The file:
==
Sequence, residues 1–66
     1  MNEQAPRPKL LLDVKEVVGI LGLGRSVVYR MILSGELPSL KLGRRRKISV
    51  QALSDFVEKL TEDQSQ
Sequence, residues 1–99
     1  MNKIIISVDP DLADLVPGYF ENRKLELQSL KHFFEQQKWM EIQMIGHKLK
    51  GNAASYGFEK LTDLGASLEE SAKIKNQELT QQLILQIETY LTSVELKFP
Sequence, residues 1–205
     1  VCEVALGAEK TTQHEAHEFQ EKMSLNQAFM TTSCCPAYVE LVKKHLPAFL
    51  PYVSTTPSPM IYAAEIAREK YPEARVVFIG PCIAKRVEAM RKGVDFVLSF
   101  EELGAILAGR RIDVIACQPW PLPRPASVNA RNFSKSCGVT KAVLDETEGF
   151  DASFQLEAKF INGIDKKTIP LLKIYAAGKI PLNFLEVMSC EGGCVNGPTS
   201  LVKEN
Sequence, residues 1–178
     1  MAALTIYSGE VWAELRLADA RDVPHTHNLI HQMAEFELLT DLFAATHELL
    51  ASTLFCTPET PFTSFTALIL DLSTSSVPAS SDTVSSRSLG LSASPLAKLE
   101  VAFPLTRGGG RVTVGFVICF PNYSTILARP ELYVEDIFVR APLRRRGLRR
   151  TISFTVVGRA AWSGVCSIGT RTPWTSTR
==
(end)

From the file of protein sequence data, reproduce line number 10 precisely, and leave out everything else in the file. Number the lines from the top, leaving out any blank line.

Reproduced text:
   101  EELGAILAGR RIDVIACQPW PLPRPASVNA RNFSKSCGVT KAVLDETEGF